The leg rests 16 also include a tubular inner shaft 70 disposed within the hollow channel of the outer shaft 64 in a telescoping arrangement. At an end of the inner shaft 70 is a footrest 72. The footrest 72 may be a separate member attached to the inner shaft 70, or may consist of a bent portion of the inner shaft 70. Preferably, the footrests are covered with a rubberized material for traction. Disposed within the inner shaft 70 is a spring loaded pin 74. The spring loaded pin 74 passes through a corresponding hole 76 in the outer shaft 64 such that the inner shaft 70 is locked into place relative to the outer shaft 64. By providing a series of spaced apart holes 76 in the outer shaft 64, the inner shaft 70 may be telescoped to various positions relative to the outer shaft 64 to provide adjustment in the length of the leg rests 16.
Also attached to the outer shaft 64 of the leg rests 16 is a calf rest 78 to support the calf of a user seated in the seat assembly 10. Preferably, the calf rest 78 is formed of a rigid material, such as a molded composite material, have a contoured shape ergonomically designed to correspond to the human body, and have a plurality of holes passing therethrough for ventilation and to aesthetically conform to the seat 28, backrest 52 and lower back support 60.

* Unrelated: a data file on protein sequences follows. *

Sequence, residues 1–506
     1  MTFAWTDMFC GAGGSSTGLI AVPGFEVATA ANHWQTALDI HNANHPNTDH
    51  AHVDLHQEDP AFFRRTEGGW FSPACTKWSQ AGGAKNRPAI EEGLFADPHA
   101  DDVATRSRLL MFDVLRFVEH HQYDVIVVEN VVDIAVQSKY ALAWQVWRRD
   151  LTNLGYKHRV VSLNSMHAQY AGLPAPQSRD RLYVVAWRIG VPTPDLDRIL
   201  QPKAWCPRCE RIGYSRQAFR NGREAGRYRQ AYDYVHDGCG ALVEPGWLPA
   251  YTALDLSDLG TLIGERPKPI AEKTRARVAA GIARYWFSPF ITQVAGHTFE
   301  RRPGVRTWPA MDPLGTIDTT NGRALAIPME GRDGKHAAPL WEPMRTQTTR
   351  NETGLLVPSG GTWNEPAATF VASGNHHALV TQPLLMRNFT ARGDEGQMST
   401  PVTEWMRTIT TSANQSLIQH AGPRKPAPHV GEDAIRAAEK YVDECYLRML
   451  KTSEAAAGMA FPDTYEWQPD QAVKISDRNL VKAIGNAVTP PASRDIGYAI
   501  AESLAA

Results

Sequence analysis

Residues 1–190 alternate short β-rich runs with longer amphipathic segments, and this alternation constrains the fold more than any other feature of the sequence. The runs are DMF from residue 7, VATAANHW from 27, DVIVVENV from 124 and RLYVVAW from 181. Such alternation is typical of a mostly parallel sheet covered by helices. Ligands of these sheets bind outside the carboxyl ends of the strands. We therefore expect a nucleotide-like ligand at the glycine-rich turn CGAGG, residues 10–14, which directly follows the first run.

Referring now to FIGS. 5 through 8, the seat assembly 10 may be disposed within a wheelchair chassis 80. Collapsible, portable wheelchair chassis are known in the art. To use the seat assembly 10 with a chassis 80, the seat assembly 10 is disposed within the chassis, and the attachment mechanisms 38, 62 are locked into place on corresponding tubular portions of the chassis 80. FIG. 8 shows a typical wheelchair chassis 80 in a folded position to facilitate transport thereof.
Although a preferred embodiment of the present invention discloses a wheelchair comprising a seat assembly 10 and a wheelchair chassis 80, it should be noted that the seat assembly 10 is not limited to use in a wheelchair. The seat assembly may be attached to numerous other chassis types, such as one in a car, a theater, a stadium, or almost any other place a person may be seated.
Although the invention has been described with reference to a particular arrangement of parts, features and the like, these are not intended to exhaust all possible arrangements or features, and indeed many other modifications and variations will be ascertainable to those of skill in the art.
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|U.S. Classification||297/313, 297/296, 297/378.12, 297/383, 297/DIG.4, 297/423.28|
|International Classification||A61G5/00, A61G5/10, A61G5/08, A61G5/12|
|Cooperative Classification||A61G5/1091, A61G5/128, A61G5/0825, A61G5/0891, A61G5/0866, A61G5/1081, Y10S297/04, A61G5/08, A61G5/1075, A61G5/00|
|European Classification||A61G5/00, A61G5/08|
|Nov 16, 2002||FPAY||Fee payment|
Year of fee payment: 4
|Oct 3, 2006||FPAY||Fee payment|
Year of fee payment: 8
|Nov 3, 2010||FPAY||Fee payment|
Year of fee payment: 12